As the clock chimed 11, they heard the shouting and blows begin. The door flew open, and the voice screamed as it had before. This time a violent vision played out before their eyes:

The ghostly vision in the lighthouseThe ghostly vision in the lighthouse Thu, Jan 26, 1871 – 6 · The Bradford Observer (Bradford, West Yorkshire, England) · Newspapers.com

Mr. Thompson arranged an investigation of the cellar and found the bodies of a man and woman, identified as a local farmer and the wife of the former lighthouse keeper. They tracked down the keeper and got his confession. He’d suspected an intimate relationship between his wife and the farmer, and had killed them both in a jealous rage despite his wife’s protestations of innocence.

And thus the ghosts of the wronged who had haunted that lonely lighthouse could rest, their mystery now solved. The full article can be read here.

The Haunted Tower

This story may be more familiar, especially to those who have visited the Tower of London before. The famous castle-prison has its fair share of grim history, perhaps most notably as the site of multiple royal executions during the reign of Henry VIII. His second wife, Anne Boleyn, is one of those. And according to several newspaper articles across the years, her ghost makes regular appearances at the Tower to this day.

Anne Boleyn's Ghost haunted Tower of LondonAnne Boleyn’s Ghost haunts Tower of London Sat, Sep 3, 1898 – 3 · The Brooklyn Citizen (Brooklyn, New York) · Newspapers.com

An Unconscious Sentry

One story says a sentry heard a scream during his rounds. He ran to the sound and found a fellow guard unconscious beside his rifle. When the affected guard came to, he was in such a state of distress that he was unable resume his post.

Under questioning, he finally revealed what had happened.

A sentry at the Tower of London recounts his experience with the ghost of Anne BoleynA sentry at the Tower of London recounts his experience with the ghost of Anne Boleyn Fri, May 5, 1933 – 5 · Deerfield Valley Times (Wilmington, Vermont) · Newspapers.com

The Haunted Chapel

Another favorite Anne Boleyn story centers the captain of the guard, who once saw a light coming from the Tower chapel. He climbed a ladder to investigate and saw a Locals and Tower sentries provide endless stories of Anne Boleyn's restless spiritLocals and Tower sentries provide endless stories of Anne Boleyn’s restless spirit Fri, May 5, 1933 – 5 · Deerfield Valley Times (Wilmington, Vermont) · Newspapers.com Anne Boleyn PortraitAnne Boleyn Portrait Mon, Dec 22, 1902 – 6 · The Chickasha Daily Express (Chickasha, Oklahoma) · Newspapers.com

Try a search on Newspapers.com for more on these and other ghost stories!

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How (and Why) to Use Our Clipping & Embed Tools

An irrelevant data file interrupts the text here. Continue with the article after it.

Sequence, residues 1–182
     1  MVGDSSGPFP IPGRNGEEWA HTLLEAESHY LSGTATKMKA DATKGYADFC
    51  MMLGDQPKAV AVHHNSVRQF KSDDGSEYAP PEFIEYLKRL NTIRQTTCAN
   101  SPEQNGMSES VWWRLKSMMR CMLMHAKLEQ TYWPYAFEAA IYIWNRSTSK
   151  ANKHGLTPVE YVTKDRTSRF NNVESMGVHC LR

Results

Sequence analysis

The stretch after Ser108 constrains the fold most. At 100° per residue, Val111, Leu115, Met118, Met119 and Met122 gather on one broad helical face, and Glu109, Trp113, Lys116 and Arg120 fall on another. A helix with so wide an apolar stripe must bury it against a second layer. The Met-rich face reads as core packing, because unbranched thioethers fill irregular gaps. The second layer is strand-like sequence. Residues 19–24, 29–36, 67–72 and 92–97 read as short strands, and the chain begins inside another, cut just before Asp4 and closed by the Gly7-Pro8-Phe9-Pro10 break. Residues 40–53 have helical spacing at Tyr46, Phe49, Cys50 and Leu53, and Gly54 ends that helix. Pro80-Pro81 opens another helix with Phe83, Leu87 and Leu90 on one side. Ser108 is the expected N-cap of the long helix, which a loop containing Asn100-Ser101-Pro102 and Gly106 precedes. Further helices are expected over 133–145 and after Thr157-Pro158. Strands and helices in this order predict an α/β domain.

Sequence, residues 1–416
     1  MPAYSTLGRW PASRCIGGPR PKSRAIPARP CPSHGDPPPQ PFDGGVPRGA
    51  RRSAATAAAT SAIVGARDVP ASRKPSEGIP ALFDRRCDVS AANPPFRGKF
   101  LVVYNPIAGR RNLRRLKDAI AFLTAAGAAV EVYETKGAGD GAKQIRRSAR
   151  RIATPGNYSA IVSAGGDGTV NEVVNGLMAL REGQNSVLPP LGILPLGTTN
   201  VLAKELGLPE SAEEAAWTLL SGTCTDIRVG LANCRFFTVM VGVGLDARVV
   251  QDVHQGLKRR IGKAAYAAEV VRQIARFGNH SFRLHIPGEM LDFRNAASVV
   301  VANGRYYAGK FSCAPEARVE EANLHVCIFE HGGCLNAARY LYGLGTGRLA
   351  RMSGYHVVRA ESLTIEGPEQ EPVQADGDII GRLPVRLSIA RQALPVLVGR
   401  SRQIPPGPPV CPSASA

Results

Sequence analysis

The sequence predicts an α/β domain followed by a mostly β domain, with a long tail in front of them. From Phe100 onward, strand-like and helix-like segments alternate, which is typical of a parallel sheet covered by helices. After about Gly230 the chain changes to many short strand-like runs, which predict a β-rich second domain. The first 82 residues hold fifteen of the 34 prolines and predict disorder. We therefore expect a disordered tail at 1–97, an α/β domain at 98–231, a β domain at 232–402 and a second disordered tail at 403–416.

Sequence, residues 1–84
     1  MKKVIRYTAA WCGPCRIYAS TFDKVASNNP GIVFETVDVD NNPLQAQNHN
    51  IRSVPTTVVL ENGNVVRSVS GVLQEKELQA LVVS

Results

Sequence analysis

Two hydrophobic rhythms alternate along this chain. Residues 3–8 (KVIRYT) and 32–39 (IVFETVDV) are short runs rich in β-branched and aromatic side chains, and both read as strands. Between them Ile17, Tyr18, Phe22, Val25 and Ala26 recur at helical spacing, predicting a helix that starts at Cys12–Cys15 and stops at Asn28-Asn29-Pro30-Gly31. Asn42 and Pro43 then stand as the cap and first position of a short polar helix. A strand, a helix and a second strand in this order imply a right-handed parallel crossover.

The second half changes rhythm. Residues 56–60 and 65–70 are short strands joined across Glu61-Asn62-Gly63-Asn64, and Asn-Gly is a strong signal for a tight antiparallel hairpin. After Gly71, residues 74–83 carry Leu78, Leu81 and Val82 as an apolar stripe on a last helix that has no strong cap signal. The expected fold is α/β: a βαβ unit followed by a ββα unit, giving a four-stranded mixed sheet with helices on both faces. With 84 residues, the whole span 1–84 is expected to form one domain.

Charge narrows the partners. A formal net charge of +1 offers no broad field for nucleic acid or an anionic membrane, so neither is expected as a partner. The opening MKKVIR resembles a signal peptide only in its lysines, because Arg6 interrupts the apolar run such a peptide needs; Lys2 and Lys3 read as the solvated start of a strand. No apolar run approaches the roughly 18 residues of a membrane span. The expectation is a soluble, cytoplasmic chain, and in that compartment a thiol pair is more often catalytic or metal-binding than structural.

The Clipping and Embed tools on Newspapers.com make it easy to save and share what you find on our site. Here’s what you need to know:

Clippings

What Is a Clipping?

Have you ever cut out an article from a physical copy of a newspaper? Clippings on Newspapers.com are the same concept—but on our site you use virtual scissors to save the newspaper content that interests you.

Why Use Clippings?

Clippings are a convenient way to keep track of the things you discover on Newspapers.com, as well as a great way to share what you find with others.

Newspapers.com “Share” options

One reason to using clippings is that when you share a clipping, others can see the article (and the newspaper page it came from) for free, even if they don’t subscribe to Newspapers.com. You can share clippings by selecting the “Share” button, which makes it easy to share by email or on Facebook and Twitter. You can also share a clipping by copying and pasting its URL, or by embedding it in a blog, website, online article, etc. (See below for more about our Embed feature.)

Another advantage to using clippings is that each clipping is saved with the newspaper’s title and date permanently attached. If you choose to print a clipping, that important information is printed as well.

How to Make a Clipping

  1. Select the “Clip” button (the scissor icon) at the top of the viewer
  2. Move and resize the clipping box around what you want to clip
  3. Add a title or description for the clipping
  4.  Select the blue “Clip” button
Clippings sort and filter options

Once you’ve clipped something, it is saved to your Clippings list on our site, where you can easily find it again. To access your clippings, just select the “Clippings” link at the top of any page on our site. You can also get to your clippings by selecting your member name in the upper right of the site and then selecting “My Clippings.

From your Clippings list, you can choose to view clips by “Me” or “Everyone.” Clippings can be sorted by the date they were clipped or by the date of the paper they were clipped from. Additional filters can be applied as you choose.

Privacy Settings

By default, clippings you make are “public” (other people will see what you’ve clipped on the Clippings list, in search, or on your profile). You can hide your clippings from the public with the privacy settings found on the Clipping Settings page under Account Details. These settings change the default setting for new clippings. You can also change the privacy settings for an individual clipping when you create or edit it.


Embed

What Does It Mean to Embed a Clipping?

Embedded clippings are a simple way to include newspaper content from our site in your website, blog, online article, etc.

Below are examples of a clipping we’ve embedded in this article using two different styles: “embed” and “advanced embed.” Notice that if you click on one, it takes you to the original clipping on Newspapers.com.